Three months ago, I moved with my partner and two young children from North Carolina to Gothenburg, Sweden. I was excited about the experiences my family and I would have in a new country. But I did not anticipate one of the changes that has been most noticeable, especially in the wake of the recent mass shooting in Las Vegas: how liberating it would feel to live in a country that takes gun control seriously.
Sweden is not anti-gun. In fact, Sweden has one of the highest gun ownership rates in the world (although still behind the United States). Hunting is an important part of Swedish culture and recreational life. But Sweden has one-seventh the number of gun fatalities per person as the U.S. And between 1983 and 2013, there were two mass shootings in Sweden, compared to 78 in the States.
Why? This is likely because guns are very strictly regulated in Sweden. Swedes must get an individual license for every firearm. Prospective gun owners submit the application directly to the police. To obtain the license, you have to show that you have a specific need for a firearm, like hunting, sport shooting, or collecting guns. A license may be granted for protection, but in practice, these types of licenses are almost never granted. You also have to pass an exam or have been a member of a shooting club for at least six months. Weapons and ammunition must be stored in approved gun safes. There are significant penalties for breaking these rules.
In the U.S., we hear a lot about how regulations like these infringe on our freedoms. This is the price of freedom, Bill O’Reilly tells us.
What these discussions miss is how our refusal to regulate guns also impinges on our freedoms. The highest price, of course, is paid by the victims of gun violence and their families. But even if we are lucky enough to never experience gun violence ourselves, these threats shape our daily lives.
I didn’t realize this until I moved to Sweden. Like a ringing noise in my ear, I’d grown accustomed to it and didn’t really notice it until it was gone. But when my 6-year-old was invited to play at a friend’s house after school, I was thankful that I didn’t have to ask his parents whether their guns were stored safely. When a fight broke out between soccer fans as we walked by a café, we didn’t immediately worry about whether they were going to whip out their guns. Even when neo-Nazis marched through the streets of Gothenburg recently, everyone was concerned about violence, but no Swede could imagine that they’d be allowed to walk through the city with high-powered weapons.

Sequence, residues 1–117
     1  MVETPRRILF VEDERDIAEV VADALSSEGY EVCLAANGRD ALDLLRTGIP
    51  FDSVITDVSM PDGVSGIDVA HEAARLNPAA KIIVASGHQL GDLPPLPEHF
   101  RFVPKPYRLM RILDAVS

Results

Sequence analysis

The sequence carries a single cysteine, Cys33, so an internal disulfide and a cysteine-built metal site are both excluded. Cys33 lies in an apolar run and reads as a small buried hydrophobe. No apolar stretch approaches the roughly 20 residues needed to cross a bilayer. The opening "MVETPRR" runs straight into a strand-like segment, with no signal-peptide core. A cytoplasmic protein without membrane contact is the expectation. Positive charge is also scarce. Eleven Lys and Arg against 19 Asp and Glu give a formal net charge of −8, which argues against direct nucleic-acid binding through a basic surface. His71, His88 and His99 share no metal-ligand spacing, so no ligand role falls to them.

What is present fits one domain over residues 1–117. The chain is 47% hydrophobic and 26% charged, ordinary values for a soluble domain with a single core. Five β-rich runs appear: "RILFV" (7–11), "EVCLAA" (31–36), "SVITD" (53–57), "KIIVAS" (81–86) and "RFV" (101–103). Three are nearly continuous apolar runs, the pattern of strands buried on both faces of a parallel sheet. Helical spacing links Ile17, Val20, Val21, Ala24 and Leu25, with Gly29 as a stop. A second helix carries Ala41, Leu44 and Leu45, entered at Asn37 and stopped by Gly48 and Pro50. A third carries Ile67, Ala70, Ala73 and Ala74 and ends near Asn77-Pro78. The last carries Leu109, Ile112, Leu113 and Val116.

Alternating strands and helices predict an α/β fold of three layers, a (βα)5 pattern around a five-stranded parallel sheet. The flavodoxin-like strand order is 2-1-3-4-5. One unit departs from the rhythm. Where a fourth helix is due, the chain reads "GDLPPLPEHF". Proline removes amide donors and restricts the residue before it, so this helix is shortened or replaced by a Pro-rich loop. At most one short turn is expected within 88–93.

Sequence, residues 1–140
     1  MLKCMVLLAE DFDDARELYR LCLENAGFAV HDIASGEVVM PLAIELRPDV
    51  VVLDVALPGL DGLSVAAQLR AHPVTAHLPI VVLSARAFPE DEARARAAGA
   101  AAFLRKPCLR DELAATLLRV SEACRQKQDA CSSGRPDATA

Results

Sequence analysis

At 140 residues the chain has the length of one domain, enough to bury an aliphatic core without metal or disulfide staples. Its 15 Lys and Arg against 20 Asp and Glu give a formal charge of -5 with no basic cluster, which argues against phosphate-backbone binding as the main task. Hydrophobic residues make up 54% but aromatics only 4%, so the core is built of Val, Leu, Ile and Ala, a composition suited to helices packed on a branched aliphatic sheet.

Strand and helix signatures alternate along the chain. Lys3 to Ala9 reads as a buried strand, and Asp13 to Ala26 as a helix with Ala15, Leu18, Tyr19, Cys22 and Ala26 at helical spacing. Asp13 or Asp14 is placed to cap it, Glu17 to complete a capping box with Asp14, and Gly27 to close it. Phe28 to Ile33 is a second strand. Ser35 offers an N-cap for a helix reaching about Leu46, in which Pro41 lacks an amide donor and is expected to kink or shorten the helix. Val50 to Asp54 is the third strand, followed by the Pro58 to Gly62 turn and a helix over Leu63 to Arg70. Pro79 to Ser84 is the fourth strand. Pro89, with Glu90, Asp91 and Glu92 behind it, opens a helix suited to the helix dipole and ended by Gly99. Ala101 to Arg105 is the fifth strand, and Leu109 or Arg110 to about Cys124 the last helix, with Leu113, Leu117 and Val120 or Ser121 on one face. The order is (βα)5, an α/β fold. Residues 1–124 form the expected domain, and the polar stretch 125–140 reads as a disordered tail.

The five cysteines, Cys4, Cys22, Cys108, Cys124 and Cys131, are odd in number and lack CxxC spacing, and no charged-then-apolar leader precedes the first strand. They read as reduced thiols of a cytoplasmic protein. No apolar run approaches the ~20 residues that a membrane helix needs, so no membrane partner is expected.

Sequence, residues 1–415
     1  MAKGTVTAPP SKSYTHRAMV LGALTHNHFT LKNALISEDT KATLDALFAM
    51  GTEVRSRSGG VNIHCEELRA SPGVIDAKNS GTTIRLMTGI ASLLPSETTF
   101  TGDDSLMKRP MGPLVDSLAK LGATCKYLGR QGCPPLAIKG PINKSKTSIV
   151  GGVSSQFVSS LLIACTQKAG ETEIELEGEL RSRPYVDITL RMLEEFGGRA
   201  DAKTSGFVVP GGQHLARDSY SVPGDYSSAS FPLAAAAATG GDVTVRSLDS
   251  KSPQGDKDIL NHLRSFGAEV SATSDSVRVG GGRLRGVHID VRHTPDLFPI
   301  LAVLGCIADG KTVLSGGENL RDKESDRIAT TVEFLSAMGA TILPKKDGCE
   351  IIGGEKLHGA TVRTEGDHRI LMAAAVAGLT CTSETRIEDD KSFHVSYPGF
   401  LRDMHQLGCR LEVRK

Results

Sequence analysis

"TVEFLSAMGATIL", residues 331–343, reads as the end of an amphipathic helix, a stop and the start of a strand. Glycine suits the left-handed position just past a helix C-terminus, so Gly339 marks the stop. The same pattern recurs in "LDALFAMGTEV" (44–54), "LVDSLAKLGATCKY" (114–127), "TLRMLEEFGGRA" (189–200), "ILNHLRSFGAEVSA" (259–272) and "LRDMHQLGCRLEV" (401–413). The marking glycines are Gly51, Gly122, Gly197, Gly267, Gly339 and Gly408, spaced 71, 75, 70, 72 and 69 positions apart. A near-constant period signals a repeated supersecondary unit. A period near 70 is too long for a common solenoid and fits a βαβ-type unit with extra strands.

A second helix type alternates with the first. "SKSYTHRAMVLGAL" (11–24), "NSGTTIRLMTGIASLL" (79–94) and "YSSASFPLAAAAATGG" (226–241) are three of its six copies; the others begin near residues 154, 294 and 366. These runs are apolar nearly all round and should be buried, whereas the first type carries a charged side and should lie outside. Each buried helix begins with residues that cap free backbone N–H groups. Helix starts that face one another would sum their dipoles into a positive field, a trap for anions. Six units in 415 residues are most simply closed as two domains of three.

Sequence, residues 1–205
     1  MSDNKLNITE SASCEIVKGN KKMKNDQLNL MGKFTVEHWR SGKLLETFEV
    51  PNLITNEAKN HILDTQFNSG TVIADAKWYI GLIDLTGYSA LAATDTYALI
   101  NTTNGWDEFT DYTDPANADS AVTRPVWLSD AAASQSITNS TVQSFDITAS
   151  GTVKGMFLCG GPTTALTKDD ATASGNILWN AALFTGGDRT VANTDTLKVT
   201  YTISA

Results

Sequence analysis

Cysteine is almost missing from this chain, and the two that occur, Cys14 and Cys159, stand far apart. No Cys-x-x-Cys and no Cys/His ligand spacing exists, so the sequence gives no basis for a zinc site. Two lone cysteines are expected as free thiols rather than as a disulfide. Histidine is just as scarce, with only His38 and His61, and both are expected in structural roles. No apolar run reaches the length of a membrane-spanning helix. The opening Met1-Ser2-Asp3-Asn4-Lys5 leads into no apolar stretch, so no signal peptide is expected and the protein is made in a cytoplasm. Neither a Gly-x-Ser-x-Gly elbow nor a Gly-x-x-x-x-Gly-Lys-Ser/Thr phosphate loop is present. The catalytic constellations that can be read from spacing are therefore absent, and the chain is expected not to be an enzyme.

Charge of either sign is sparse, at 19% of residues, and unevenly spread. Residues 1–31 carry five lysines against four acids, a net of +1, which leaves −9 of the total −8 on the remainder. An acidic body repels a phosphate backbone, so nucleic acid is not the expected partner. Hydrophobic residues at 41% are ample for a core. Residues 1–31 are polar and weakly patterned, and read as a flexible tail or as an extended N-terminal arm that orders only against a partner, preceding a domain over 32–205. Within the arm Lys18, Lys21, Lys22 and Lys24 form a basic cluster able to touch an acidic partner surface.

In the U.S., meanwhile, our freedom is limited by fear. We say that we are free to go to a concert, attend a Bible study, or send our children to school. But what does it say about our “freedom” if doing these things means we fear for our lives or the lives of our loved ones? How many small changes do we have to make to our daily lives — skipping a public event, sitting near exits, watching for nervous looking people — before we can talk about how a right to bear arms impinges on our right to live freely?
Every day in Sweden, I see 7- and 8-year-old children walking themselves to school. Kids here make spontaneous playdates and run in and out of each other’s houses without their parents worrying. Most importantly, Swedes don’t seem to worry much about mass gun violence. And they certainly don’t wake up to the reports of a mass shooting and think to themselves: Again?
When we return home to the U.S. next year, this will be one of the hardest things for me to leave behind. It is liberating for my children and for me as a parent. For all of our talk in the States about the “good old days” when children could run and play freely, we do almost nothing to protect their right to do that. Yes, it might mean limiting the freedom for any person to be able to walk wherever with whatever weapon they want. But we would gain freedoms in return. We could begin to regain a freedom from the ever-present fear that our lives, at any moment, could again be shattered by the loss of life.